In his defense of George Zimmerman for the killing of teenager Trayvon Martin, attorney Mark O’Mara referred to his Irish roots in Nenagh, Co. Tipperary, and a case where an innocent man may have been sentenced to hang.

New Paramount show “Rest In Power: The Trayvon Martin Story” started off on Monday, July 30, stirring strong reactions on social media among those that watched it. It once again brought to light the Irish connections to the trial of George Zimmerman and his acquittal in the death of Florida teen Trayvon Martin.

The six-part docu-series, produced by Martin’s parents Tracy Martin and Sabrina Fulton and rapper Jay-Z (who uses his original name Shawn Carter for projects outside of music), the show explores the tragic story of the unarmed 17-year-old Martin who was killed on Feb. 26, 2012, during an incident with neighborhood watch volunteer George Zimmerman in Sanford, outside Orlando.

His death and the acquittal of Zimmerman in a 2013 trial was among the many incidents that cemented the Black Lives Matter movement, after clearing the man in his 30s of the second-degree murder of the Florida teenager under Florida’s “stand your ground” self-defense law.

Read more: Hundreds of Irish march in solidarity with US Black Lives Matter (PHOTOS & VIDEO)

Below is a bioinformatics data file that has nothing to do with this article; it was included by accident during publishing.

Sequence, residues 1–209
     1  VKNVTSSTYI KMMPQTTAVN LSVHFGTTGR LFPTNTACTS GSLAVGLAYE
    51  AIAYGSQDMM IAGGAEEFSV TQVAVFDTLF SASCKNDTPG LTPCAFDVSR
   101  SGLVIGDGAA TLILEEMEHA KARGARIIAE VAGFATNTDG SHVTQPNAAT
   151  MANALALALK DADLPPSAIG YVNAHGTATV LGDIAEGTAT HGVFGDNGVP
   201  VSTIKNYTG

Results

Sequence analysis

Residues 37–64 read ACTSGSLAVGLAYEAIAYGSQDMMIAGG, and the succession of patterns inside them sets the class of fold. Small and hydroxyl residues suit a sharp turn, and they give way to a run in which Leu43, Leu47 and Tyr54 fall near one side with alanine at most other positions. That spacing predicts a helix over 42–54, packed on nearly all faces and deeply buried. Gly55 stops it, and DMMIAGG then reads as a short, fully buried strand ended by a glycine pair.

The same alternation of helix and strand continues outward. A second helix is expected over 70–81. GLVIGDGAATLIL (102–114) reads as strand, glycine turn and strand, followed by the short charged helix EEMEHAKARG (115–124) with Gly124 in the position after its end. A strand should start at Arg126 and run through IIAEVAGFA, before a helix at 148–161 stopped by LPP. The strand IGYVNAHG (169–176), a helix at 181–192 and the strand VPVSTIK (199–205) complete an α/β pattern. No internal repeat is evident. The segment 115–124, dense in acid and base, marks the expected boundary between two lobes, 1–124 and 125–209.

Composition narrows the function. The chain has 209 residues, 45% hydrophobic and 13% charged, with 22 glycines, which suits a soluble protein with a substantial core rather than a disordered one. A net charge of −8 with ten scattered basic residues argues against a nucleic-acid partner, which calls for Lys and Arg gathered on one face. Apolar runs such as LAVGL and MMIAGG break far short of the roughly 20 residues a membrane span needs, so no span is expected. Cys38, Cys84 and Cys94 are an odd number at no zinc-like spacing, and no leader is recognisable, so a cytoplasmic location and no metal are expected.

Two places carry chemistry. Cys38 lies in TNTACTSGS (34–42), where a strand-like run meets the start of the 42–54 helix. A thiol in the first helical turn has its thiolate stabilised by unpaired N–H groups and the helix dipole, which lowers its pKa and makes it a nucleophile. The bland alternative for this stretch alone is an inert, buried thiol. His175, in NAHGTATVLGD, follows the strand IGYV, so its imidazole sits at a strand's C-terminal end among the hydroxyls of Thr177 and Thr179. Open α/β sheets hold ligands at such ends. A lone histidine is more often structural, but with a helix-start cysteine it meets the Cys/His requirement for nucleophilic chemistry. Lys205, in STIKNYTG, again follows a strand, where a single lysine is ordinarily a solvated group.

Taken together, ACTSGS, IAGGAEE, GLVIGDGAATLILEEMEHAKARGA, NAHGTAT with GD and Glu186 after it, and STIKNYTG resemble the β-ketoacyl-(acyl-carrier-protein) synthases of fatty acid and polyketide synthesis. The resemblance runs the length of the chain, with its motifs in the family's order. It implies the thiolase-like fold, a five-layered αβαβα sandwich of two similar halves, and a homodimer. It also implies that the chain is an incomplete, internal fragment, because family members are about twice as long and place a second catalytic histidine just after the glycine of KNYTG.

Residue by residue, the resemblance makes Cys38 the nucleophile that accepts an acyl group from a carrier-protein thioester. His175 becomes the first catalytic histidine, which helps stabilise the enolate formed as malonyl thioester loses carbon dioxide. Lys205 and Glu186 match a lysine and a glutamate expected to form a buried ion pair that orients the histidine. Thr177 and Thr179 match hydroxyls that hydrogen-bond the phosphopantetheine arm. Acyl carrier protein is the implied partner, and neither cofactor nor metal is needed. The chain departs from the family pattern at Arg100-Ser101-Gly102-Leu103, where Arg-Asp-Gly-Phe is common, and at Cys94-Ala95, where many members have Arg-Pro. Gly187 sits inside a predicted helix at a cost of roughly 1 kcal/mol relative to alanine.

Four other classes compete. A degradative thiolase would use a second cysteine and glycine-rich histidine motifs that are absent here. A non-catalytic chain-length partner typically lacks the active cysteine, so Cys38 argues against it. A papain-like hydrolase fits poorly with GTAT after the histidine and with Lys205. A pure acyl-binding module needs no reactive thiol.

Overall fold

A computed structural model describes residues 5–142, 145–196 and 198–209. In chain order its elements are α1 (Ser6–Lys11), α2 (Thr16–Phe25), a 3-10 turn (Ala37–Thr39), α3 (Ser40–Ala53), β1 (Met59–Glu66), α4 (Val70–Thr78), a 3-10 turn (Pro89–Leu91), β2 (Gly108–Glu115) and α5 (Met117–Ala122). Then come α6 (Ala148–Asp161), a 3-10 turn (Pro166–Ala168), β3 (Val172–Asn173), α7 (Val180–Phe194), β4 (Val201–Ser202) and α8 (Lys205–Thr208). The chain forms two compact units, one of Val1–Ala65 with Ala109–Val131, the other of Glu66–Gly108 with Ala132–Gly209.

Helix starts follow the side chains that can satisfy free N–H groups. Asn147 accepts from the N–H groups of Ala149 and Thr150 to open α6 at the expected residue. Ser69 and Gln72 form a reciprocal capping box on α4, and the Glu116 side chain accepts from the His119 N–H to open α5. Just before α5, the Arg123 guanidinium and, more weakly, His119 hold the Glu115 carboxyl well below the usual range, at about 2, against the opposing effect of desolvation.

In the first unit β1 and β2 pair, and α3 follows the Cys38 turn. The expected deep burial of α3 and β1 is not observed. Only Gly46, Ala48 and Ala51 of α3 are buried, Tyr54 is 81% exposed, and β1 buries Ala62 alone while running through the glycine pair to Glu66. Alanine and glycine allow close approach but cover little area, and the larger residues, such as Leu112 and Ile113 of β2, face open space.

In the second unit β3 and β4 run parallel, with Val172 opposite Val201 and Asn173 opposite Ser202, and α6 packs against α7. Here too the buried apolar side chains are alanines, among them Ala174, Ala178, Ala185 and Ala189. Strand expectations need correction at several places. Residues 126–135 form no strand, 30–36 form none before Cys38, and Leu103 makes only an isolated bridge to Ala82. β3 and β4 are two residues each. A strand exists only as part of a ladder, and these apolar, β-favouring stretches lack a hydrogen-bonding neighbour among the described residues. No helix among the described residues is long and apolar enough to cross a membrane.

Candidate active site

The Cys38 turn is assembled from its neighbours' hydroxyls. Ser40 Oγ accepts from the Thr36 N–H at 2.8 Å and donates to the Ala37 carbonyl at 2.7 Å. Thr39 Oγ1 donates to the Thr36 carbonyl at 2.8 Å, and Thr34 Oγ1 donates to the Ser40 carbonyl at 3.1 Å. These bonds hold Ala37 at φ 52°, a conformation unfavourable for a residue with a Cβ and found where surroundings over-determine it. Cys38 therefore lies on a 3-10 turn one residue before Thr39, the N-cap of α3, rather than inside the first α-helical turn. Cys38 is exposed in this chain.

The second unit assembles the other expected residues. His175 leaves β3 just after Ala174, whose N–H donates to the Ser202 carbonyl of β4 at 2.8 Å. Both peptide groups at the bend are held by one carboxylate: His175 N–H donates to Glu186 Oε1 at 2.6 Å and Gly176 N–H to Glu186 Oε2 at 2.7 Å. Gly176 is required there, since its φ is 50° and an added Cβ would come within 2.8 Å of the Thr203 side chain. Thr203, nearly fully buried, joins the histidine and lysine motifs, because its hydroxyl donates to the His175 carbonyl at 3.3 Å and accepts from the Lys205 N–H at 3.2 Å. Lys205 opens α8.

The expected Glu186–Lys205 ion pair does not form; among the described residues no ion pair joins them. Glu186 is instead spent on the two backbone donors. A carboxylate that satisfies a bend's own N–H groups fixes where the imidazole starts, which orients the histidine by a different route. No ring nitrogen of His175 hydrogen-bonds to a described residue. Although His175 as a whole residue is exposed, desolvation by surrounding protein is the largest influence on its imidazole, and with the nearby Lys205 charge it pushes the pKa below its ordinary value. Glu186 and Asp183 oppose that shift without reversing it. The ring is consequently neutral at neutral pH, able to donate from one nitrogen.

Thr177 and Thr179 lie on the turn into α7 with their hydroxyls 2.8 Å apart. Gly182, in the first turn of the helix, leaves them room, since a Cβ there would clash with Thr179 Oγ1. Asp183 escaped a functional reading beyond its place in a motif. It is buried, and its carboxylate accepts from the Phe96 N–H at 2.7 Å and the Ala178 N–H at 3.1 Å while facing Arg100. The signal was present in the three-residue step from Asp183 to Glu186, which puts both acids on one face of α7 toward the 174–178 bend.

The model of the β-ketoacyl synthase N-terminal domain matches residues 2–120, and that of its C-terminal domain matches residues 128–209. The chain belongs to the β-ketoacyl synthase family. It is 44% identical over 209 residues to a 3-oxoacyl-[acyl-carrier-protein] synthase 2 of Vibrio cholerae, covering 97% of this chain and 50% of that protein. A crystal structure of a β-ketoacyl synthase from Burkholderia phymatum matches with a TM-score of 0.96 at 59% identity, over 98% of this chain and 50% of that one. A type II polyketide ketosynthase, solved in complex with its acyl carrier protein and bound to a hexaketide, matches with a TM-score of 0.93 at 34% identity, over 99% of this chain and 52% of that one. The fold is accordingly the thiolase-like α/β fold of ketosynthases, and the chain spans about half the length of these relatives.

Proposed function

Zimmerman’s lawyers, including Irish American attorney Mark O’Mara, had claimed that he shot Martin in self-defense and O’Mara will be shown throughout the series in archival footage of the trial.

In fact, when Bronx-native O’Mara was summing up the case for the jury, he recalled his Irish roots and dug up the story of a case in Nenagh, Co Tipperary, stating that the incident where an innocent man may have been sentenced to hang was very much on his mind during the George Zimmerman trial.

Firstly O’Mara quotes John Adams as he discussed the American justice system stating: “It is more important that innocence be protected than it is that guilt be punished, for guilt and crimes are so frequent in this world that they cannot all be punished.

“But if innocence itself is brought to the bar and condemned, perhaps to die, then the citizen will say, "whether I do good or whether I do evil is immaterial, for innocence itself is no protection, and if such an idea as that were to take hold in the mind of the citizen that would be the end of security whatsoever.”

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He then added that he had a quote up in his office “that talks about that in a different way from the 1700s in Nenagh, that’s where my family came from in Ireland. I never was (living) there, I was there to visit.”

“A guy went to the gallows,” O’Mara explained of the Co Tipperary case.

"And the question was condemning someone and not being absolutely certain as to your decision and sending him to the gallows not because he was guilty but maybe because he was innocent and maybe you just didn't know.

“So, that’s why we have a system that puts so much of a burden properly on the state attorney's office that we don’t cut any corners and make any assumptions.”

You can watch his full closing argument here:

Did you watch the first part of “Rest In Power: The Trayvon Martin Story?” Let us know what you thought about it in the comments section, below.